Money Matters: Managing dental expenses

Reported by: Brittany Price
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Updated: 11/28/2012 9:56 am

It can be worse than a tooth-ache. Dental work can also hurt your bank account.

That's especially the case considering 50 million Americans don't have health insurance to cover it. Those financial challenges have many people dodging the dentist.

"With people losing their jobs and having less dental coverage or you lose your dental insurance, people just stop coming to the dentist."

Dr. Jason White, a Lubbock Dentist, said he understands a trip to the dentist can take a bite out of a budget.

"I have lots of patients that are working two jobs, or don't have a job, and dental costs can get really expensive," White said.   

High prices are a natural consequence of an inflated bottom line.

"Every year our lab bills are more expensive, our supplies are more expensive, so all of this is passed down to you the consumer," White said.

However, White said there are things patients can do.

"The most important thing to decrease in the cost of your dental treatment is one, your diet," White said.  

Taking preventative measures like that can reduce budget blows down the road.

"We're learning in the last decade that the health of your mouth and the bacteria in your mouth has a direct effect on your systemic health," White said.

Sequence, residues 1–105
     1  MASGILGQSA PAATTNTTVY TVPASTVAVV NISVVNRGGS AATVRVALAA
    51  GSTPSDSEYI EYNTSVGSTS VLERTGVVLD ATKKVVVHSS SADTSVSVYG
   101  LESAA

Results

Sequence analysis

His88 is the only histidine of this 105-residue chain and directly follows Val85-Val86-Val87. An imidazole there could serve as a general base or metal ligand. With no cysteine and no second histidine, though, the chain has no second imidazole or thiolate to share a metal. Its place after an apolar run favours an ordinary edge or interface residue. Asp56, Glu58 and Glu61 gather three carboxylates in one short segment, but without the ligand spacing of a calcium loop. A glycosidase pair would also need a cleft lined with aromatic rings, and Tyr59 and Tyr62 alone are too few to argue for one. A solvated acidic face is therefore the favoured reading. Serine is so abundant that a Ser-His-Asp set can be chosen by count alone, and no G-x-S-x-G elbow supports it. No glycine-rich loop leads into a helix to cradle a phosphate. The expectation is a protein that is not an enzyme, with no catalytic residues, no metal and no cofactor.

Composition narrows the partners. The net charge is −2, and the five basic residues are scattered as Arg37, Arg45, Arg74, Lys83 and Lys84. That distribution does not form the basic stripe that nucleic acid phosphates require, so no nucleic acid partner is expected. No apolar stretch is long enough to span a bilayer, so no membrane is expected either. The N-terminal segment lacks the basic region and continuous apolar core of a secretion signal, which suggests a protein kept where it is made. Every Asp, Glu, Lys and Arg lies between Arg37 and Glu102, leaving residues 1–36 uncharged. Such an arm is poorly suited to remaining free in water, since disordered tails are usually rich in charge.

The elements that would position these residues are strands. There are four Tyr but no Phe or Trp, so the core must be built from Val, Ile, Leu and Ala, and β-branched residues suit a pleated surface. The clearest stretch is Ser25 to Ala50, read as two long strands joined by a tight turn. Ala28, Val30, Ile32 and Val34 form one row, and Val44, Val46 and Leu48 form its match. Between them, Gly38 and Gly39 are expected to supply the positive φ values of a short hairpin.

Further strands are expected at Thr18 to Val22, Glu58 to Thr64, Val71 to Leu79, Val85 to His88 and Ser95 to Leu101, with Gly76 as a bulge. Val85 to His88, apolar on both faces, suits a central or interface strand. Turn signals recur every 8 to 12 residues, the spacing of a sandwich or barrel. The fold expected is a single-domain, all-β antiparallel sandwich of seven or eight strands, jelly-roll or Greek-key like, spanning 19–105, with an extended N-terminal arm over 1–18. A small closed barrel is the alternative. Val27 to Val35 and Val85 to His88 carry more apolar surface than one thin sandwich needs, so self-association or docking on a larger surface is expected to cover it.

That’s why Dr. White advises not to ignore home care. 

"Take the two or three minutes in the morning and the night to floss and brush your teeth," White said.

When a dental bill is inevitable, seek out reduced-cost alternatives.

"There are dental discount plans that you can go to like dentalplans.com. Find dentists that are contracted with lower fee schedules," White said.

There are also options that avoid out-of-pocket fees. White said Care Credit is one choice.

"It's like healthcare dental credit card. I even use one when I go to the eye doctor or when I take my dogs to the vet," White said.  

Care Credit is a way to finance dental work.

"Right now they offer zero percent interest for several months up to 24 months I believe in some cases," White said.

Dr. White said making regular six month cleanings and checkups can help avoid a small problem exploding into an expensive dental procedure.

 

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